Runner-Up; Graduate & Professional: “Excellence in Podcasting” Competition
Sponsored by the Robert Penn Warren Center for the Humanities in collaboration with the Center for Teaching and the Office of Immersion Resources.
When it comes to weighty discussions, there’s one group of people whose perspectives are often overlooked: children. In this episode of VandyVox, Marta Eugenia Zavaleta Lemus goes to small places to grow to new heights, demonstrating the importance of children’s voices related to human mobilities. She was awarded runner-up in the graduate and professional students category for the Excellence in Podcasting competition.
Storytelling is one of the most effective tools Marta Eugenia utilized to convey the unique perspective children have on life events. Her vivid stories expose, through first-hand experience, the underbelly of life in El Salvador after the Salvadoran Civil War. Powerful and personal anecdotes like Marta Eugenia’s ascribe a tangible component to the value of children’s voices in the face of loss, fear, and hardship related to human mobilities. Ultimately, she relays that life events surrounding her childhood launched her into an academic career as a cultural anthropologist.
Relating to her childhood, Marta Eugenia also focuses on relevant literature that shaped her upbringing to relay the lasting impression that children’s voices can have in society. The first of two books she references is “The Diary of a Young Girl” by Anne Frank. As Marta Eugenia describes personally relating to Anne Frank’s narrative voice, the listener is unable to deny the importance of continually uplifting children’s first-person narratives. This message is accentuated in the second book she highlights, “My Friend the Painter” by Lygia Bojunga Nunes, which is written from a child’s point of view regarding art and suicide. Both pieces of literature feature heavy, solemn topics where children may be intentionally or unintentionally excluded from the conversations, despite their vital contributions.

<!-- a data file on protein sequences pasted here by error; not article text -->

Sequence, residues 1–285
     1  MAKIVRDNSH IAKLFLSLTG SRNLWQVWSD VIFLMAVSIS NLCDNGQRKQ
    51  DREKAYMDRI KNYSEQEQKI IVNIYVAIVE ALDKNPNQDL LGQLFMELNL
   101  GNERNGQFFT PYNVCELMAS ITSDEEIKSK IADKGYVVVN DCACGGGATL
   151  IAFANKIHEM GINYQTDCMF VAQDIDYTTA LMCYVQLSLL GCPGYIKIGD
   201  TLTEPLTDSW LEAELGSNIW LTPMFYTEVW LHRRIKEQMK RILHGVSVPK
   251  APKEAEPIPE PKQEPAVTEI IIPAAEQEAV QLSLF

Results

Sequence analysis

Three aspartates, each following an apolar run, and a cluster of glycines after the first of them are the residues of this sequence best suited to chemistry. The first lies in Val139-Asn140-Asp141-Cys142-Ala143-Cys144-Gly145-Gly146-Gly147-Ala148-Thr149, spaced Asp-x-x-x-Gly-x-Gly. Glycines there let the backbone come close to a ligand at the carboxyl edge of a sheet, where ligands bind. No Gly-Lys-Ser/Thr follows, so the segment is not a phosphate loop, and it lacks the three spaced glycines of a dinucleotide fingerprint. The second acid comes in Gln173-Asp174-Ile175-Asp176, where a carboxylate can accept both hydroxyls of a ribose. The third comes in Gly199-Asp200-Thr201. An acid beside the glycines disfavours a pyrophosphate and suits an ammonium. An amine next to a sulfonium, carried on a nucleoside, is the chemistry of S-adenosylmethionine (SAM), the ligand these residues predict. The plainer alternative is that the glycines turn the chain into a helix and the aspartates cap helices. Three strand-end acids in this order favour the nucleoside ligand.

Marta Eugenia displayed a skillful implementation of background and transitional music that complemented each topical tone. At the onset, she began with playful, attention-grabbing music as she revealed the subject centered around children’s voices. Then, while providing her personal and familial experiences in post-war El Salvador, the song slides into a brooding somberness. Pivoting into a discussion on the dark yet lofty book “My Friend the Painter,” the music modulates mimicking the complexity and breadth the book embodies. She even retells a portion of the story in both English and Spanish, touching back to her upbringing and bringing another layer of accessibility to the audio. Including supportive musical selections in this way enhances how the listener receives the audio content.
Discover the stories that spoke to Marta Eugenia through the representation of children’s voices:
“My Friend the Painter” by Lygia Bojunga Nunes
“The Diary of a Young Girl” by Anne Frank
Produce a podcast with powerful storytelling like Marta Eugenia’s. This Forbes article outlines the key components to achieve effective podcast storytelling.
“The Power of Podcasting For Telling A Story” by Carrie Kerpen
Marta Eugenia’s music adds depth to her podcast. Add sounds and edit audio for free using Audacity, then publish for free on Anchor:
Audacity, a “free, open source, cross-platform audio software”
Anchor, a “free, beginner-friendly platform for podcast creation,”
Written by Kaelyn Warne, Teaching Affiliate at the Vanderbilt Center for Teaching